Rishi Sunak is reportedly set to ask retailers to place price caps on basic foods items, such as bread and milk, in an attempt to battle skyrocketing food inflation.
Downing Street aides are plotting a deal with supermarkets, similar to an agreement in France, where consumers are charged the lowest amount possible for food staples it is claimed.
“Food inflation is much more resilient and difficult to get rid of than we anticipated,” a Treasury source told The Sunday Telegraph. The newspaper claims that talks with retailers were at the “early stages”.
If implemented, No 10 will hope the plan will aid consumers in a cost of living crisis who have been hit simultaneously by high energy prices and soaring food prices.
The skyrocketing cost of food has seen UK inflation ease at a slower rate than expected in April, continuing the pressure on squeezed households incomes.
The Office for National Statistics said Consumer Prices Index (CPI) inflation fell to its lowest level for more than a year last month, at 8.7 per cent down from 10.1 per cent in March, as energy prices stabilised after sky-high rises a year ago.
But it was higher than forecast by economists, who had pencilled in a drop to 8.2 per cent in April, and more than the Bank of England had predicted just two weeks ago.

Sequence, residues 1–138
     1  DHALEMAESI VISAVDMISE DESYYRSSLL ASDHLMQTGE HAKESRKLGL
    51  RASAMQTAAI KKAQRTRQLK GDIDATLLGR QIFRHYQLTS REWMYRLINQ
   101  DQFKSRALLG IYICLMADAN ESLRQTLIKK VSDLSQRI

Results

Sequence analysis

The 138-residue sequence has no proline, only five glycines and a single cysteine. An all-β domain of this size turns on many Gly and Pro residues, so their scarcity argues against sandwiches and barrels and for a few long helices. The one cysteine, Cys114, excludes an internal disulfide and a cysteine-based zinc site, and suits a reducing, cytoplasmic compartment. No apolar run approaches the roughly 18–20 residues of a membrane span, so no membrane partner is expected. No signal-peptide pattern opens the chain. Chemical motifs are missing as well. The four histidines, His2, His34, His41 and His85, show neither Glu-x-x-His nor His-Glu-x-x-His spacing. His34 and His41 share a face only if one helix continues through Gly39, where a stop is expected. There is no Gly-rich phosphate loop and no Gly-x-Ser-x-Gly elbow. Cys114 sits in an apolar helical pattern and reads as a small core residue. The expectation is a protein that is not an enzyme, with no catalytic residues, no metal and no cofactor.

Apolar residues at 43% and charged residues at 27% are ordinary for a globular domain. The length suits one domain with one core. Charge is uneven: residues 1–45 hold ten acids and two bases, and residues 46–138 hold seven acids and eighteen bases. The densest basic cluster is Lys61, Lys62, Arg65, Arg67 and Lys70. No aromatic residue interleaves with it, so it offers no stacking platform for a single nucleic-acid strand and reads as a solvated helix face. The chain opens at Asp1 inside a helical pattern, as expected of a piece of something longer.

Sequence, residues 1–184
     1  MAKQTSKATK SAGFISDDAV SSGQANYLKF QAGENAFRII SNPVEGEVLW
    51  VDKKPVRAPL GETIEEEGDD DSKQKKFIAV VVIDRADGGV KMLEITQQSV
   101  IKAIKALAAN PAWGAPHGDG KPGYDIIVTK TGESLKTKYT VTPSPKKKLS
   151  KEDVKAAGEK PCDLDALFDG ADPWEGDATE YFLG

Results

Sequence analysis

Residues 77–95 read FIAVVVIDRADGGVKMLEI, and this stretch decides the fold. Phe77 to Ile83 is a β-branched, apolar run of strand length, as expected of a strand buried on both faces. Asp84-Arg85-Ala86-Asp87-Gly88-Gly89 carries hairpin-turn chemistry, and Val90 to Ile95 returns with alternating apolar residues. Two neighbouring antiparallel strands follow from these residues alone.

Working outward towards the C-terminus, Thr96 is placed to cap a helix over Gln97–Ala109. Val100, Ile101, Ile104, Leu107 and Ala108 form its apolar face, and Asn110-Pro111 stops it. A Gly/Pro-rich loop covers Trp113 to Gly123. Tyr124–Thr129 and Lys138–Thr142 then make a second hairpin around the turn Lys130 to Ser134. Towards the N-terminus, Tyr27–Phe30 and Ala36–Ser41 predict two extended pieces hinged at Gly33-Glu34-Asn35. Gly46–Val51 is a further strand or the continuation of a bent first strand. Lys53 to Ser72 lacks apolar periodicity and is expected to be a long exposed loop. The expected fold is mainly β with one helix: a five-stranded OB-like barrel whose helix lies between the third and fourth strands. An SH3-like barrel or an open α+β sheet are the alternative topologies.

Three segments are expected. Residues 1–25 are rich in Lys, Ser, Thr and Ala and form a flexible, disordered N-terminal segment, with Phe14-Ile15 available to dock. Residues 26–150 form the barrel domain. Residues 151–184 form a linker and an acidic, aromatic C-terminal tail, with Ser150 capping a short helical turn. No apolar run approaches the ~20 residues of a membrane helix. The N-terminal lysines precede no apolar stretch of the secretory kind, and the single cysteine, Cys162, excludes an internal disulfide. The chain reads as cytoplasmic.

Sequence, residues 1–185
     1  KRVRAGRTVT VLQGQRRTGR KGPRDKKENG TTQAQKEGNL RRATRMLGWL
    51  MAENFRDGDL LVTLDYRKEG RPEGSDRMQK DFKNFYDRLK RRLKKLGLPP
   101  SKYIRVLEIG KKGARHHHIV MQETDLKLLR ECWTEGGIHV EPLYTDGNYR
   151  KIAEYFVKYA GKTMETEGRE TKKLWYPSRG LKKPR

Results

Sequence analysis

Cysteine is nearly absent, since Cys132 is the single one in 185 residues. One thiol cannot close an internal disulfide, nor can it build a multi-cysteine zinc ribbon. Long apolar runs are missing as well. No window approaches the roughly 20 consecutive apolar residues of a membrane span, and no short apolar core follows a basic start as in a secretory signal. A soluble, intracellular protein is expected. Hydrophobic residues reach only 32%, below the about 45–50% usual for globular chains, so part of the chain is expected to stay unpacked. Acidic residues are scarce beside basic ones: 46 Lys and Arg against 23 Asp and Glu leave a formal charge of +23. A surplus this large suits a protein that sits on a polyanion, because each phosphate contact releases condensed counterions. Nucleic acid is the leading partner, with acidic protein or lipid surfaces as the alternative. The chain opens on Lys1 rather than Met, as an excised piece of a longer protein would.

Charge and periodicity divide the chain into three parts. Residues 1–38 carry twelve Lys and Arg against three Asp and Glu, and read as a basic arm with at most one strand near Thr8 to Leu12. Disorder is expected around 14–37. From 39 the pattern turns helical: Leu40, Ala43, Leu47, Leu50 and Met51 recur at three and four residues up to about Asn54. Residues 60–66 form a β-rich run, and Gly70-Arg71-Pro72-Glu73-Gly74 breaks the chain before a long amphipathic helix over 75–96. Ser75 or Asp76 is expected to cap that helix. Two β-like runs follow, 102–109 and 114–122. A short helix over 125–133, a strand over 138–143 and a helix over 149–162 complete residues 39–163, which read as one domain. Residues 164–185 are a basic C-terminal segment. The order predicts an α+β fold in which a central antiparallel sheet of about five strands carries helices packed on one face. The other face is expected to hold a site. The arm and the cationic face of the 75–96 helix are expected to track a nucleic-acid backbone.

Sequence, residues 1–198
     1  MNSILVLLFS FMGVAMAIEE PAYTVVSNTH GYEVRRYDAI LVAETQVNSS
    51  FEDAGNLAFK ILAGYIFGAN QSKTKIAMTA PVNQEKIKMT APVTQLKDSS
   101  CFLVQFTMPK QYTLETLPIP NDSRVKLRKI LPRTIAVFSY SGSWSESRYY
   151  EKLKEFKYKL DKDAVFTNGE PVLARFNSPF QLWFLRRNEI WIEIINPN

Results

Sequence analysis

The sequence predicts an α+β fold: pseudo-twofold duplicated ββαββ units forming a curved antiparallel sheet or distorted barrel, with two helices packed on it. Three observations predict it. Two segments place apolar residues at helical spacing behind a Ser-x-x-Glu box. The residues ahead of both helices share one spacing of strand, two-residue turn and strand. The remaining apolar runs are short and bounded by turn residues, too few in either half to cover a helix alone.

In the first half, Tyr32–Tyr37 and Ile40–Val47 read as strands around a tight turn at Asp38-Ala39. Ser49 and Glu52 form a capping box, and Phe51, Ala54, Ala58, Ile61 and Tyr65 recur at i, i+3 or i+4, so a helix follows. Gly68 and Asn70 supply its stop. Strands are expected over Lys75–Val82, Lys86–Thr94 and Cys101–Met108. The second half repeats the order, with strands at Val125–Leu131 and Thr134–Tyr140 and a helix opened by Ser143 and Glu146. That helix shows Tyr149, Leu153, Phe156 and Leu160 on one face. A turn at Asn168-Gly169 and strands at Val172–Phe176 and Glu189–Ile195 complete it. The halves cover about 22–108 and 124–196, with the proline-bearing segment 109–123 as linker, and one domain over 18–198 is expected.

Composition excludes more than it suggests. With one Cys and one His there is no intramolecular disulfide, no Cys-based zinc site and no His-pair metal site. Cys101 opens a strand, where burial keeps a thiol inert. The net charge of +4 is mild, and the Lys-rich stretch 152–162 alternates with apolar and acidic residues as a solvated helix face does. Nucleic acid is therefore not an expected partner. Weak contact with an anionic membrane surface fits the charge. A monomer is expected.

The figures showed food inflation at 19.3 per cent, down only slightly on March’s eye-watering 19.6 per cent and remaining close to the highest rate for more than 45 years.
Chancellor Jeremy Hunt admitted last week that food prices are “still rising too fast”.
It comes after MPs have urged ministers last week to reveal if they are considering “controls” to stop supermarkets unfairly profiting from food inflation.
In the Commons, Conservative MP Michael Fabricant urged ministers to ensure “supermarkets don’t take unfair advantage and excess profits from wholesale prices”.
He told MPs: “My constituents in Lichfield and Burntwood and indeed the rest of the country are enduring high food inflation, as indeed they are in the rest of Europe.
“But what controls have we got, if that is the word, to ensure that supermarkets don’t take unfair advantage and excess profits from wholesale prices?”
Environment minister Mark Spencer replied: “Retailers work to ensure strong competitive pressure remains in the marketplace, however the Competition and Markets Authority (CMA) announced last week that they are looking into the grocery sector to see whether any failure in competition is contributing to prices being higher than would be normally.”
Additional reporting by PA
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